The body speaks

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The body speaks

It’s Wednesday.

Last week Monday, a member of my church died. She was our matriarch. In her honor, we had a time of singing and prayer instead of the usual sermon during our worship service on Saturday.

Minutes after worship, I got word that another member had died. She’d been sick for a while and quite private about it. Recovery would require the miracle she and others of us prayed for.

I’m processing “out loud” for someone else’s sake and for my own.

If you’re that someone who doesn’t cry (any more) or doesn’t wear all your emotions on your sleeve, gently remind yourself that your emotions are still there. They may show up in your lower back after doing nothing strenuous. They may show up as restlessness as soon as your head gets comfy on your pillow.

They will show up because our bodies speak, eventually reminding us that we’re not some superior being. Rather, we’re who we are with a way of living that’s the result of what’s happened to us through the years. Some parts of us are just fine, even super healthy. Some parts are broken.

And you’re correct when you say that you don’t need to show your pain like others. You do need to carve out some time, though, to let the discomfort come.

The older I get, the more emotionally agile I’ve become with some things. The world doesn’t stop so neither do I. I slip into “What’s next?” mode and take care of everything but myself. It’s easier to pause when whatever has happened actually makes me weep, which is rare. No stream of tears? No slowing down.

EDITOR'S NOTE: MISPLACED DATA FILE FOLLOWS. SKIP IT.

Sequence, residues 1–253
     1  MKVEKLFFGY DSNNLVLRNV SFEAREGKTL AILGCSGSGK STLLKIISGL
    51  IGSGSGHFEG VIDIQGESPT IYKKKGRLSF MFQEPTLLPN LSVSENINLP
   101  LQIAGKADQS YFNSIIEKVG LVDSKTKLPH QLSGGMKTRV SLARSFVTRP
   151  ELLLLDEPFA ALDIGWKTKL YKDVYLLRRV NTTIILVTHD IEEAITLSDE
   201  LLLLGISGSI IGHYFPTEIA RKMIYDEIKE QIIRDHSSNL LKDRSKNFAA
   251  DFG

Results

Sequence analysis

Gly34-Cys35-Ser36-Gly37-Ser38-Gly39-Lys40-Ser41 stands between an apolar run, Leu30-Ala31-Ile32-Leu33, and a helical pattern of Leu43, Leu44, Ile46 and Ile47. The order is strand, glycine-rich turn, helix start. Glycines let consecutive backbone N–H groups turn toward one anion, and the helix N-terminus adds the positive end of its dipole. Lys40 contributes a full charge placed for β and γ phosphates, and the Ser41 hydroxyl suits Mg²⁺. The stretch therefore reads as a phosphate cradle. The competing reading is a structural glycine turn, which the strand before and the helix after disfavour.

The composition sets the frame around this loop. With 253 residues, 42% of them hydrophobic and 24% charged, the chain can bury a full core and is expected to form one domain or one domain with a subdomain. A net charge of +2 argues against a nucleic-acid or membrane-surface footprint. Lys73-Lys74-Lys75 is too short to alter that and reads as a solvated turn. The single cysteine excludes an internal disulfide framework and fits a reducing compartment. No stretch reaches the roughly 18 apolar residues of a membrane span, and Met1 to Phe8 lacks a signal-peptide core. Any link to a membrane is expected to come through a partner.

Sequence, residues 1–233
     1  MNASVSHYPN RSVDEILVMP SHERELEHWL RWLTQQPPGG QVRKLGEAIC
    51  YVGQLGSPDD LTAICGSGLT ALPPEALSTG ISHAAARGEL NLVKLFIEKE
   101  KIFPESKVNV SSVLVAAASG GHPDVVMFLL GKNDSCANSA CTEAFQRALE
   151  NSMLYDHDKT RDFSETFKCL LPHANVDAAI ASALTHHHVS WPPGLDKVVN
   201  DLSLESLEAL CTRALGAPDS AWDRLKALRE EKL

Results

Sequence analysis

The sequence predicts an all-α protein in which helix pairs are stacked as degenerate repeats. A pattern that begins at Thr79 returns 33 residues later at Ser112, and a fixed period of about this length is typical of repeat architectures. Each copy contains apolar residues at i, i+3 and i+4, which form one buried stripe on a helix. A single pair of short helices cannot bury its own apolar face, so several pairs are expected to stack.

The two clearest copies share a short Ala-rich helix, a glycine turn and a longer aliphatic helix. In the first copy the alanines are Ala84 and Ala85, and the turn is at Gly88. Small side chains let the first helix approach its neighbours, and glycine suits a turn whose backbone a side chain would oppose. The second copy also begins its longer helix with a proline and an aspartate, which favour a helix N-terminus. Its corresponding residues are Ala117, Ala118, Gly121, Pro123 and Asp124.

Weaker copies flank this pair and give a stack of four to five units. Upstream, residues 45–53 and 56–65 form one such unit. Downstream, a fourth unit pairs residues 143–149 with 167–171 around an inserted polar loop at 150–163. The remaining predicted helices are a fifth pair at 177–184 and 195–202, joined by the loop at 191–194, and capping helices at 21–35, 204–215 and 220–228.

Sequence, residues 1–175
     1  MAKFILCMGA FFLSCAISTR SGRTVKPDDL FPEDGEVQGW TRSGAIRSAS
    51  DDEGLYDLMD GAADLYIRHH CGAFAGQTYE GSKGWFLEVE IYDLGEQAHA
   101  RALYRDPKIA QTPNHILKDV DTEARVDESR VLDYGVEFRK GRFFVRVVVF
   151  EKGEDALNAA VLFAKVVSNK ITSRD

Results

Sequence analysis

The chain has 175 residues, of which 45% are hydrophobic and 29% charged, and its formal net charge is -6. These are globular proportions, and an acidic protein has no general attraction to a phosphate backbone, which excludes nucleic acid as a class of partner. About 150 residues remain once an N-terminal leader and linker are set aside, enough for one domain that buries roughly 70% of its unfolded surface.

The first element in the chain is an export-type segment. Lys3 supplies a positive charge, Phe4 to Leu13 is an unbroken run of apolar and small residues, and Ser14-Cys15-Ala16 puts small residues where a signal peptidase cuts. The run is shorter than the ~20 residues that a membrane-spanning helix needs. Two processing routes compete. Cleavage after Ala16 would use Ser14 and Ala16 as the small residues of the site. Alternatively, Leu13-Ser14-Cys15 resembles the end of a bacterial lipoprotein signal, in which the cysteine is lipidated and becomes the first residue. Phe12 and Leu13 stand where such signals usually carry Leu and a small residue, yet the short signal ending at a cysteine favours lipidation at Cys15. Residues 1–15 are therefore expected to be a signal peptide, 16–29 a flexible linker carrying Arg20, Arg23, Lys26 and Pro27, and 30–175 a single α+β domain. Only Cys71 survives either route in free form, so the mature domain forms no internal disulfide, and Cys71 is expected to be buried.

When I left our church matriarch’s hospital room for the last time, I knew there was no miracle to beg for—she was dying. 86 and ready to go. My eyes filled with tears but once on the elevator, the tears dried right up, never touching my cheeks. It was maybe a ten-second process. Worship would begin within the hour. There were people to greet and a sermon to preach.

I’ve wept a lot in the last twenty years. In 2003, I lost sight in my left eye. In 2010, my assistant died in a car accident. In 2013, I had my first miscarriage. In 2014, I experienced a frustrating pregnancy and birthed my first child. In 2016, I had my second miscarriage. In 2016/2017, I experienced another frustrating pregnancy and birthed my second child. In 2021, I began my journey with Long Covid and both of my grandmother’s died.

There are times when the process of tear production seems halted by an unconscious emotional rebellion—“We’re not ready. We’re still recouping from the last event. Give us time.”

This morning, I spent a little time with high school students & their teachers because one of the students died by suicide yesterday. I met her a couple of summers ago.

Until the day I see all three women again…tears or no tears…

Oh God.
Give us this day our daily bread, just enough to journey through the next goodbye.

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